How to Ditch Your Satellite and Cable BillsOctober 12, 2011
By Devin Polaski, Digital Content Manager at MyInsuranceExpert.com
We are in a “Balance-Sheet Recession.” Most Americans are attempting to pay off liabilities and accrue savings. This means individuals and families are taking a step back and carefully examining their budgets. Each cost must be examined, and certain expenses simply need to be reduced or even eliminated.
Each Wednesday I’m not going to simply help you save money. I’m going to expose you to new products, services, and venues that not only cost less, but offer you a far-greater value than services most of us have been used to for decades. Which brings me to today’s advice…
DITCH YOUR CABLE OR SATELLITE BILL!
I consider myself quite the technology and new-media buff, so when I’m wired into a modern technology service I make it my personal duty to inspire others to do the same.
I encourage you to read this whole blog post, but know this; I WILL ANSWER ANY QUESTION YOU ASK! Looking to ditch your cable or satellite bill? Not sure if your gadget can get Netflix on it? Not sure whether you should buy an Apple TV or go with Roku? Just write me in the comments or email me at email@example.com, and I will answer any questions you have about it.
So there’s a lot of talk these days about Netflix, Hulu, Apple TV, the new Xbox Live Dashboard, and other internet TV resources. Adopters of this technology gloat of its superiority to cable TV, but there are many people who are used to cable and unaware or even uninterested of the new technology and possibilities. I’ll help you sort through the noise.
Ask yourself this; are you tightening your belt? Financial woes got you down? Many of us have it hard, but I find it difficult to sympathize with those who complain about it but haven’t cancelled their $60-$100+ cable or satellite bill. But I do understand that TV is one of the few “luxuries” we can partake in. It’s not realistic to take regular vacations, go out to eat every weekend, or buy luxury items like pools and hot tubs. But cable and satellite TV are becoming obsolete. I’ll bet you that most of your favorite TV shows are available online in some fashion; either for free, or with a small cost. I’ll also bet that you own some piece of technology, or have enough money to purchase an inexpensive gadget that will enable this new world of non-linear entertainment.
I’ll use myself as an example. I like to watch Mad Men, LOST, the Office, and the Colbert Report. Every single episode of the first two shows are available on Netflix, and I can access any episode at any time on any one of my media devices. As for the Office and the Colbert Report, I can watch the episode from the night before on their websites at any time. And some of these shows are both on Netflix and their website, like the Office.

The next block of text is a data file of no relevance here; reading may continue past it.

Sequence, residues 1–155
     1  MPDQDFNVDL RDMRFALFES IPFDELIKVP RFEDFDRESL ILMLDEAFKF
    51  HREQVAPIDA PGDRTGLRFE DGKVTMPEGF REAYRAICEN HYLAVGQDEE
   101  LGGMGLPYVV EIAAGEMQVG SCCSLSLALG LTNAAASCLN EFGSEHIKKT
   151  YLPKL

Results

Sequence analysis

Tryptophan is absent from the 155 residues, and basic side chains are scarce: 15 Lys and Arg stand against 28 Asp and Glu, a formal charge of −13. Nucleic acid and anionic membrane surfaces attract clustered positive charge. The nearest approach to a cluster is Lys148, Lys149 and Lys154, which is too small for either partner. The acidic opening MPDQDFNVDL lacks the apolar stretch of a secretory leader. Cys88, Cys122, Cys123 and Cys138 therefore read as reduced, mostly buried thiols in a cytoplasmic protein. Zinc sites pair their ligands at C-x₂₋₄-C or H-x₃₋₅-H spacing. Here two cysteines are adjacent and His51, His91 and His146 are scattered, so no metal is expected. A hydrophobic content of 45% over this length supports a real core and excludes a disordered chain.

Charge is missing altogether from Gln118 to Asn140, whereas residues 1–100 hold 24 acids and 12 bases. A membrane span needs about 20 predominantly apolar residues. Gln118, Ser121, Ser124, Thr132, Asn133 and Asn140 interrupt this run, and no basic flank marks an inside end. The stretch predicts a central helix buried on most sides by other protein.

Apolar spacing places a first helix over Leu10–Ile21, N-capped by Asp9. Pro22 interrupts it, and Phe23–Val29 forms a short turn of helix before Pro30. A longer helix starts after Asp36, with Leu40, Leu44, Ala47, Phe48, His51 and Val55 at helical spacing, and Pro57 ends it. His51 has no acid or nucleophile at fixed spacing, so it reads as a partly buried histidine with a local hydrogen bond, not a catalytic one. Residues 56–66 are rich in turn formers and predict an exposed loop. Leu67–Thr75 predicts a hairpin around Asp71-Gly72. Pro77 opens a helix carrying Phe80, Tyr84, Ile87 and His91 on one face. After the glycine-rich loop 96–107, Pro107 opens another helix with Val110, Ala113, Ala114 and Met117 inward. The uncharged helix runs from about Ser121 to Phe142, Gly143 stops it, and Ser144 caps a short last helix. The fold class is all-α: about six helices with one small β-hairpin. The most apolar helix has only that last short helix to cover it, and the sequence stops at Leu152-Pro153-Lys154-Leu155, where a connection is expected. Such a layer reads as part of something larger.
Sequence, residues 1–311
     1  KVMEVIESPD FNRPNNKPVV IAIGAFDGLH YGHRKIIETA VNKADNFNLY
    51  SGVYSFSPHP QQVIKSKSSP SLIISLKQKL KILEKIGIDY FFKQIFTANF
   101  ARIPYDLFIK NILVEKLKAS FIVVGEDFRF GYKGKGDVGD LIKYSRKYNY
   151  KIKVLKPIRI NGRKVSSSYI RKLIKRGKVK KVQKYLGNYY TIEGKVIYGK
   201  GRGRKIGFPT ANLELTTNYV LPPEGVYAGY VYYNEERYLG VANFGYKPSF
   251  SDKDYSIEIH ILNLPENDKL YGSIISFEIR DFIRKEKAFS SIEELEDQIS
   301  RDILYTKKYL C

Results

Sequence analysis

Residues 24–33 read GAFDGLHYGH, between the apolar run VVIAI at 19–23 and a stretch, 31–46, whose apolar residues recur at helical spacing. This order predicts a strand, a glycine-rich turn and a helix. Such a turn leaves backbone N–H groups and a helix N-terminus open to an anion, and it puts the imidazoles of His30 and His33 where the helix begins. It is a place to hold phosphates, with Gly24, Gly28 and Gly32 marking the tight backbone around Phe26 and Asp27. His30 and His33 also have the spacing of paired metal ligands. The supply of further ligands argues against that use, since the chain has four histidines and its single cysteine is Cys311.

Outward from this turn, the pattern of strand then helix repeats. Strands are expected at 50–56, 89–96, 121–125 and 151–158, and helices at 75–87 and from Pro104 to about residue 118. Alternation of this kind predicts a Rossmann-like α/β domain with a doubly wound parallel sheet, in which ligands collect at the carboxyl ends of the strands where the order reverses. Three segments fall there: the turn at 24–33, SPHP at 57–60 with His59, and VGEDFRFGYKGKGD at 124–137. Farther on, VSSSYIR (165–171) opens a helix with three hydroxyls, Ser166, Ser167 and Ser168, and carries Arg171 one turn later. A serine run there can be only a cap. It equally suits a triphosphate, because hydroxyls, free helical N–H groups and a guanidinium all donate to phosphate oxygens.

But everyone’s situation is different, so you find my situation disagreeable. Firstly, you may say, “I don’t want to watch my TV shows on my computer.” That’s very understandable; it’s not my preferred method either. So to that I say this, do you own one or more of the following items?
-Laptop (with HDMI port)
-Android Phone or Android Tablet
-iPad, iPhone, or iPod Touch
If you answered yes to any of the following, congratulations: you can watch Netflix, Hulu, Amazon Streaming, and many other internet TV services on them! And this is by no means a complete list. Did you know that more people watch Netflix from their Xbox’s, Wii’s, and PS3′s than anything else? And let’s say you don’t want to have to shell out the money for one of these game consoles. What sounds more expensive, spending as little as $99 for an Xbox 360, or spending $75 every single month?
So let’s say you have a device that can play an internet TV service like Netflix. Well, Netflix has two pricing plans, but the one I use is for “Instant Streaming Only,” and costs me $7.99. With this plan, I get access to thousands of movies and TV show episodes, and can stream them to any of my media devices at any time. There’s no limit to how many I watch.
Let’s say I wake up in the morning and start watching a movie on my laptop and get halfway through it. Later I’m a at a coffee shop with my iPad, and watch another 15 minutes of that same movie. Then later that night I sit down in front of the TV, fire up my PlayStation 3, and finish that movie. See where I’m going with this? Netflix is with me everywhere on all my devices. It also remembers where you left off with each thing you watch.
I can go on for hours about all the different possibilities and services. I can explain that you can control your Apple TV with your iPad or iPhone/iPod Touch, or that Amazon can stream a lot of movies and TV shows that Netflix doesn’t have access to. I can get you excited that Netflix is going to start having original programming made just for Netflix, and how this will become the future of entertainment.
But what I really want to know is this: what do you want to do with all of this? Let’s say you own a Nintendo Wii and want to get into Netflix; I can tell you how to get it done. Want my expert opinion on Apple TV vs Roku? I can do that too. Comment below or email me. I’ll be your personal technology assistant for the day!
It’s time you took charge of your entertainment bills and save money. You’ll end up gaining a new service that’s many times better than the cable and satellite TV experience in cost, content, quality, and overall value.